The undesirable effects of these drugs require a perfect tolerance with a controlled and well-balanced treatment. In no case should diving be formally contraindicated in a patient treated with a beta blocker except, as we have seen, if the treatment is indicated for a pathology that excludes the practice of diving because of the risks inherent to this pathology.

Neither should a diver’s beta blocker treatment be modified for another treatment, especially if the tolerance is good and the dosage is adapted.

Conduct of the federal physician (or the sports physician) for the Certificate of Absence of Contraindication (CACI) in a patient seen for the first time for a CACI or for a renewal of CACI :

  • Patient seen in consultation, treated with beta blocker and under 40 years old :

We will put aside from the outset the cases of certificates for professional diving which are outside the scope of recreational diving. In recreational diving, the use of beta blockers was formally discouraged until recently. However, things have changed. Currently, the recommendations adopted are those of Bove, who admits that beta blockers are not contraindicated provided that they are perfectly tolerated and, above all, that physical capacities are verified by an effort test under treatment. Diving will not be contraindicated if the peak VO2 max (maximum flow of O2 that the body will be able to absorb to meet its needs) is greater than 40 ml/min/kg.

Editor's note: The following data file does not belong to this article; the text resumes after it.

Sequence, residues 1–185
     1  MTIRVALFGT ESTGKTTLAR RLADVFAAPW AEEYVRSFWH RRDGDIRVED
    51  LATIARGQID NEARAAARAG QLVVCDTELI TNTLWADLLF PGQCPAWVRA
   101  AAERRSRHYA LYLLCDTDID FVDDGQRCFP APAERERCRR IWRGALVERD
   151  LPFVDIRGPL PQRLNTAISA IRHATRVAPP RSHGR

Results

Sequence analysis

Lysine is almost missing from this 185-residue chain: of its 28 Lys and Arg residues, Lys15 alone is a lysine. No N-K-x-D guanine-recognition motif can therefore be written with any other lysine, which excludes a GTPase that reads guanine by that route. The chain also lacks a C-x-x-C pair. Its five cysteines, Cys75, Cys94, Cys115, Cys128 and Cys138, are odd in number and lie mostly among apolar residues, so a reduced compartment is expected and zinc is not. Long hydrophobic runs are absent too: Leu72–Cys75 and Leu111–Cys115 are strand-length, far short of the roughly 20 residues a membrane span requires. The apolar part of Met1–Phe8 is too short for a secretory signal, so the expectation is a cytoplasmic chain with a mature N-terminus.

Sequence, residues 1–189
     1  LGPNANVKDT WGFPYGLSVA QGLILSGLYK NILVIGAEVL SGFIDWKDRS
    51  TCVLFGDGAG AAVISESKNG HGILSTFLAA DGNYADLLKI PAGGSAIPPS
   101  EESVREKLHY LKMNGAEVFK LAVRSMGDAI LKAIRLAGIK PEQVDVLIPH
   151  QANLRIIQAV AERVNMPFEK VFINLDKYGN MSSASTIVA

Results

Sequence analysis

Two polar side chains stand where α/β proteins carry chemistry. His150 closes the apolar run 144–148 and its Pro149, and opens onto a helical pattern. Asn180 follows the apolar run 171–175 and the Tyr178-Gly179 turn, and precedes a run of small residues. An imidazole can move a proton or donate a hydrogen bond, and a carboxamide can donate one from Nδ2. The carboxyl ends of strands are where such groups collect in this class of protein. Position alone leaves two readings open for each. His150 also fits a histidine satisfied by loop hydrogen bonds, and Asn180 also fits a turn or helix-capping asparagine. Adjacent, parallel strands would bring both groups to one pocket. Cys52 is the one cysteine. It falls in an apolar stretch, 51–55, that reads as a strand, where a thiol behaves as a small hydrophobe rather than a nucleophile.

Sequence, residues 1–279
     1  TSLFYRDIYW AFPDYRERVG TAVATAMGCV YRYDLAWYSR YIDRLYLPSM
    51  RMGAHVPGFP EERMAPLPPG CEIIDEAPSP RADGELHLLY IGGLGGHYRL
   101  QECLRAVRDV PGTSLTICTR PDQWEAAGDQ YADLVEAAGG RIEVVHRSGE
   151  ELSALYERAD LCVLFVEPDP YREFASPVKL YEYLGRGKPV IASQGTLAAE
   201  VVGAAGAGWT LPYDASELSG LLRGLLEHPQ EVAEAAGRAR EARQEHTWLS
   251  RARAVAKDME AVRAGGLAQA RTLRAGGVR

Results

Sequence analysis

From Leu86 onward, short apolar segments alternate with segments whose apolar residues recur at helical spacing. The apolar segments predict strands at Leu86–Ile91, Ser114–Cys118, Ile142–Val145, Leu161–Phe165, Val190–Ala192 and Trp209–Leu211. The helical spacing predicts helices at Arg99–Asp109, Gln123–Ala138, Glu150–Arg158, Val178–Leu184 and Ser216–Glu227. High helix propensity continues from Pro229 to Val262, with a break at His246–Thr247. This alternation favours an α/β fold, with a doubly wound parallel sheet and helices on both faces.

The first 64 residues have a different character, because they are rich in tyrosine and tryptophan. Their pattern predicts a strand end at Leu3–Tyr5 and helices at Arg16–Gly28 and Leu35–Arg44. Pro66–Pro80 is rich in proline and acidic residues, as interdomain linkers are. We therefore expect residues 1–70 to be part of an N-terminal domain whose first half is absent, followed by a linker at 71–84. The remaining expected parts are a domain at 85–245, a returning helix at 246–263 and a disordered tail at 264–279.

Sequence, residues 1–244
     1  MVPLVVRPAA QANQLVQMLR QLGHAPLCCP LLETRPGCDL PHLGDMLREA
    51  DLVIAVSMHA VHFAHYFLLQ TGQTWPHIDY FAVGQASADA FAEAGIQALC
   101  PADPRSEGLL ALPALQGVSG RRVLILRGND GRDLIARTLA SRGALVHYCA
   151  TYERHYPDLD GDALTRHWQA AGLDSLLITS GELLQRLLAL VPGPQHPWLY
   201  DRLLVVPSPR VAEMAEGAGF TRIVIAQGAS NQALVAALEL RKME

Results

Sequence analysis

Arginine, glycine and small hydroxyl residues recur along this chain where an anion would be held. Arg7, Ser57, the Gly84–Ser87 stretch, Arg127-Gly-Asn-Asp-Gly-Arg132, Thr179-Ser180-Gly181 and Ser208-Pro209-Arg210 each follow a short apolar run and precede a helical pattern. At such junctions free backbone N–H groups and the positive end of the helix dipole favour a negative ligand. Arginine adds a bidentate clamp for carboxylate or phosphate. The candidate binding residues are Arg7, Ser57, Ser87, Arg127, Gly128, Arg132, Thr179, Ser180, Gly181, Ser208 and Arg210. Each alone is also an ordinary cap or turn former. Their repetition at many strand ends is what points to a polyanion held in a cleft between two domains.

• Patients over 40 years old :

The course of action is the same if tolerance is excellent, but as a precaution, an electrocardiogram will be added every year.

  • Patient seen for the first time, treated with beta blocker and wishing to dive :

In no way should the treatment be changed for this sole wish. Apart from the absolute contraindications already mentioned, the indications compatible with diving remain the following :